How to Grow Hardy Hibiscus

Hibiscus (Photo by Fort Collins Nursery)

Alex Tisthammer | Fort Collins Nursery


Hibiscus moscheutos, also known as hardy hibiscus, doesn’t look like it should survive in dry, hot Colorado with its huge tropical blooms and large glossy leaves. Luckily for us, it can and does perform wonderfully in the right location! Hardy hibiscus, sometimes called swamp rose mallow, are native to wet areas like swamps, marshes, and moist meadows, so they need lots of water. Because of this, it tolerates our clay soils as long as it stays moist, making it the perfect plant for areas heavy in clay or where there is irrigation runoff, like from a lawn. Plant it where it will get lots of sun, at least 6-8 hours. It’s usually hard to find plants that can live with this combination of needs, making this the perfect plant for a difficult job. 

Although hibiscus overwinters well, mulch is recommended to help retain moisture and give a little more warmth over the winter. They die back to the ground every year, unlike the Rose of Sharon, a woody shrub in the same genus with smaller flowers that get much larger. In the late fall, once the stalks have gone brown, you can cut the stems back, or do so in the spring when you are doing spring clean up.

This perennial likes to sleep late, so don’t disturb or dig them up thinking they’re dead! They can emerge as late as June if it has been cooler, like this year. It is worth the wait, though, because once they start growing, they will shoot up very quickly to their full size of 3-5 feet.

If you want to have something blooming in that area in the spring when they are not awake yet, do an underplanting of spring bulbs like Snowdrops (Galanthus), Camassia, or Summer Snowflake (Leucojum aestivum) that can handle wetter soils. They will be going dormant about when the hibiscus starts to wake up.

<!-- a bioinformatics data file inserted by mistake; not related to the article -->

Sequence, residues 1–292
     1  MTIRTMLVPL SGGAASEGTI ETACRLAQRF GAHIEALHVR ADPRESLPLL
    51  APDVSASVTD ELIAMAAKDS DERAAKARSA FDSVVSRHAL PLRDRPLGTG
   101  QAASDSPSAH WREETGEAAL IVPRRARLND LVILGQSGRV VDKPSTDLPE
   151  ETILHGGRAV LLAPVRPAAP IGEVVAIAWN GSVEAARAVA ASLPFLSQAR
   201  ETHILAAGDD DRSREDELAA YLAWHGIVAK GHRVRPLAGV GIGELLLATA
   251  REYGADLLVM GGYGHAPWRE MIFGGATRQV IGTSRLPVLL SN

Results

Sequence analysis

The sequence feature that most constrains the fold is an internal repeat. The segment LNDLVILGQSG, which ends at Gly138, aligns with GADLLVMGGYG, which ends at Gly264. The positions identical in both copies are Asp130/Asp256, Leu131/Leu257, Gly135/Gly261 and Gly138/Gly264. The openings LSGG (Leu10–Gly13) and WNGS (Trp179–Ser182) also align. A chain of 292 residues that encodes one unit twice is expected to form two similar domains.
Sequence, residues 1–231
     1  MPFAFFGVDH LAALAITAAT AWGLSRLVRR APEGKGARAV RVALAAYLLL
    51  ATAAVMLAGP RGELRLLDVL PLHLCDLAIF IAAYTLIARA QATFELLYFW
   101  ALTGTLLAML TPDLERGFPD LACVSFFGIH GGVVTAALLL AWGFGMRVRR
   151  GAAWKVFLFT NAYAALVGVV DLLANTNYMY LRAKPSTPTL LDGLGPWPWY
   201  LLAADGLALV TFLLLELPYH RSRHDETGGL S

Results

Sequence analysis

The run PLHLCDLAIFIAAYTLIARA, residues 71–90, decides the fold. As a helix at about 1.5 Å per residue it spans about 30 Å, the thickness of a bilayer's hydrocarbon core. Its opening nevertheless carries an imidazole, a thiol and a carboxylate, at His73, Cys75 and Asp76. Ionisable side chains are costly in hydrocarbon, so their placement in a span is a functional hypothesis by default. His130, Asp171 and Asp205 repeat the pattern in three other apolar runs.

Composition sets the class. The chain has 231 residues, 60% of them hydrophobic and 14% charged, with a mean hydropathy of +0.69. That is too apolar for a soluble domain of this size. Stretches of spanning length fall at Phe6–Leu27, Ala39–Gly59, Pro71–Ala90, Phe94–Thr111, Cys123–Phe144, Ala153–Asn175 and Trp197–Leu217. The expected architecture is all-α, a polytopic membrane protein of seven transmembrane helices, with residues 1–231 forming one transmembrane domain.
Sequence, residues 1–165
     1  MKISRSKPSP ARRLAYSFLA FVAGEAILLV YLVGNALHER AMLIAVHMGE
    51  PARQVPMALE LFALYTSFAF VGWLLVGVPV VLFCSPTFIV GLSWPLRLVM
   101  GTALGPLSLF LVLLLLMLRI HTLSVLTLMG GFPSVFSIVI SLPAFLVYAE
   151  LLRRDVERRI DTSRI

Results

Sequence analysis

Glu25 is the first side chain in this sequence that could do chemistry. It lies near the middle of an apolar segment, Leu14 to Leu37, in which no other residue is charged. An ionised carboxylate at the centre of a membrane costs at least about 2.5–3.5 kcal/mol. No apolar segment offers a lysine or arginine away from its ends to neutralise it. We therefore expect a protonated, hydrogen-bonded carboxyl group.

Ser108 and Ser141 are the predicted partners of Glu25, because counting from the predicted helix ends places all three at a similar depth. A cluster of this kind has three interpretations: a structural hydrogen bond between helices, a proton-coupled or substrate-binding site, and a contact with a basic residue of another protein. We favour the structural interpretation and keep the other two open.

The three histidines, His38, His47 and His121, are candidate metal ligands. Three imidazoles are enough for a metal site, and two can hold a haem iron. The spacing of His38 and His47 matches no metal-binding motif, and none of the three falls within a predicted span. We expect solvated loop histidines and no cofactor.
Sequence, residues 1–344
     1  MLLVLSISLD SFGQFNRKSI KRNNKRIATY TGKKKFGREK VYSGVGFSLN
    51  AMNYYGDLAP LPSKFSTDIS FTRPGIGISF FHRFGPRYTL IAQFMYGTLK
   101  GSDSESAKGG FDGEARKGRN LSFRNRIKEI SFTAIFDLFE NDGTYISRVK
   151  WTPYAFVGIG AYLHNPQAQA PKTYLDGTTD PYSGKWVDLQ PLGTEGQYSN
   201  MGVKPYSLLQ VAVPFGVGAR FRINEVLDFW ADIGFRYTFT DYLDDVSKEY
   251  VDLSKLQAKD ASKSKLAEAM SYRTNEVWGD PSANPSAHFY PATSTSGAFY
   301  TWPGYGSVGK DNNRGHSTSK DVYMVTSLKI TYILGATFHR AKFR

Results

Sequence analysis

Their huge dinner plate-sized flowers typically appear in July and bloom until frost. They come in various colors; white, red, pink, and even a faint yellow in a new variety called ‘French Vanilla’. At the height of their bloom period, they can produce 20 flowers per day!

Hibiscus (Photo by Fort Collins Nursery)

They also can have different colored leaves, green or a deep burgundy. The burgundy leaves make the flower colors pop and supply a very interesting leaf color for the landscape. Last but certainly not least, they are great for hummingbirds, bees, and butterflies. They supply nectar to ruby-throated hummingbirds and other insects and are a host plant for the caterpillar of painted lady butterflies. 

Interested in seeing some in the landscape? The CSU Trial Gardens has some beautiful hibiscus planted throughout their perennial beds and along College Ave. Make sure to go in July to see them at the height of their season. It’s hard to resist this perennial, so hopefully, you have the perfect low spot or that one place that doesn’t seem to dry out to plant a hardy hibiscus! 

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